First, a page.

If you love some physically and mentally challenging hikes, you’ve met your match. Mt. Olomana, also known as Three Peaks, is one of the most difficult hikes to complete on O’ahu. If you’re visiting Hawaii, make sure you know what you’re doing before you embark on this adventure.
This hike is for CONFIDENT HIKERS only – if you feel uneasy about narrow ridges, rope climbing, and heights, don’t go past the first peak. People die here all the time. It’s not worth it.
If you’re looking for some less risky hikes, best to sift through the other guides for ideas.
Not too confident about this one?
Consider Aiea Loop Trail!
Nice and easy on a dry day, no scrambling involved.
With that being said, if you are a confident hiker and you’re adamant about conquering Three Peaks with a friend, here’s what you have to know.
About the Trail
- Location: Kailua – off of Auloa Road near Royal Hawaiian Golf Club
- Length: 4.7 miles total
- Fear Factor: High
Starting the Hike
You’ll park on Auloa Road and walk past the golf club entrance. Along the way, you’ll see the trailhead marked off to the side. It’s clearly marked, so you can’t miss it.
As soon as you start the hike, you’re going straight uphill. It doesn’t stop until you get to the top of the first peak.
Doing the Hike
The hike is mostly covered at first. There’s a lot of forest along the way to provide shade while you’re literally climbing the side of the mountain. You get some cool views on the way up, but there’s really nothing like the views from the first peak.
After about 1.5 miles, you’ll reach the summit of the first peak. All the best views are on this peak, so if you don’t plan to continue to the second or third, you’ll only miss out on bragging rights.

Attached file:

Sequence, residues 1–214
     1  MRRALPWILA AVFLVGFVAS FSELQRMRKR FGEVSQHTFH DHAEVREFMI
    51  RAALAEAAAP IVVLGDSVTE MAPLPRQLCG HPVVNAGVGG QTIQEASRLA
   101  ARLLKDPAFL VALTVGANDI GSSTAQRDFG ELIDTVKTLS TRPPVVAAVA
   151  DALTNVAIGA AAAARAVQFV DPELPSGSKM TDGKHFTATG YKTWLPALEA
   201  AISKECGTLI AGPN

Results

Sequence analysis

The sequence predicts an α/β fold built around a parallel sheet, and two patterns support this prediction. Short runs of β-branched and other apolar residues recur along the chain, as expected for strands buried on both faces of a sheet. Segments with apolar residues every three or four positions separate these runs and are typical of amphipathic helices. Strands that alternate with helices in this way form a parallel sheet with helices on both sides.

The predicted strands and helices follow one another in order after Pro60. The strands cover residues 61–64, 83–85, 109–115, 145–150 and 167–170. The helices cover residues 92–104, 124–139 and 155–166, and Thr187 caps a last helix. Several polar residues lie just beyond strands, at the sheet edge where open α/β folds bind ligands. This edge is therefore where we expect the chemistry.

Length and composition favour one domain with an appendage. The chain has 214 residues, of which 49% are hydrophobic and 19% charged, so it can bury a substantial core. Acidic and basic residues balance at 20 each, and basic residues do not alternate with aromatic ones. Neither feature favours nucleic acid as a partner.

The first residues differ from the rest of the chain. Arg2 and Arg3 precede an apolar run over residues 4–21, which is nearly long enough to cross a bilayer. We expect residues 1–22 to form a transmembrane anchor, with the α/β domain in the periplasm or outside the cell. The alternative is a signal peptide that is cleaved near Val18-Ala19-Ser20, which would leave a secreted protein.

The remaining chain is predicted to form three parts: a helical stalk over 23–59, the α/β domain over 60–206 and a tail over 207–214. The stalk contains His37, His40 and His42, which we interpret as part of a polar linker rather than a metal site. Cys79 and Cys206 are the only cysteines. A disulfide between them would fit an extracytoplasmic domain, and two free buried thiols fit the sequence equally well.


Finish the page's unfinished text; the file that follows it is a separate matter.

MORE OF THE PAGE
But, if you do keep going, you get to traverse this:
Make sure you take a second to acknowledge how STEEP that path seems behind the second peak. I can confirm that it is, indeed, steep as fuck.
The second peak is where the hike starts to get very interesting. That section behind the second peak requires climbing down a cliff face with ropes that are already installed. There’s no way around it. You have to trust the ropes.
We did freeze up a bit on the way down, but once we did it, we realized it wasn’t as bad as it seemed. You can take comfort in that it’s much easier to go back up when you’re returning.
Then, you start your ascent up the infamous third peak.
The Third Peak
The third peak is usually where the deaths happen. If you refer to those pictures, you can see how the path drops off on either side. It’s incredibly steep with almost nothing to hold onto.
And yet, we trudged onward.
The first major obstacle you’ll hit is the arch along the path.
The arch sits just before the path starts to incline for the third peak. The only way past the arch is to hike around it. The path was so narrow, you literally have to hug the rock as your passing around it.
The next obstacle is really a series of obstacles – exposed rocks and ropes.
When we did this, O’ahu was having a dry spell. The rocks were very dusty which made it difficult to gain traction. The same problem happens when the hike is muddy and slippery. Either condition is really difficult to overcome.
As we hiked up the third peak, we hit a pile of large rocks with absolutely no footholds. The dust made it almost impossible to grip the surface with our shoes. Then, as we’re trying to figure out the next move, we see that someone had left the climbing rope to the side of the rocks off the cliff. There was absolutely no way to reach for it without risking our lives.
So, we turned around. We didn’t finish the hike, and we’re 100% okay with that.
If you do hikes like this, you have to know where your own limits are. So, if you go to the third peak, don’t be ashamed if you can’t finish it. Besides, the best views were at the first peak!
Going back was much easier, even though we did feel a bit defeated. But that’s okay! The most important thing is to stay safe.
Enjoy the hike, but most importantly, be safe out there!
Looking for more travel inspo?
Wander off the beaten path to Bulgaria.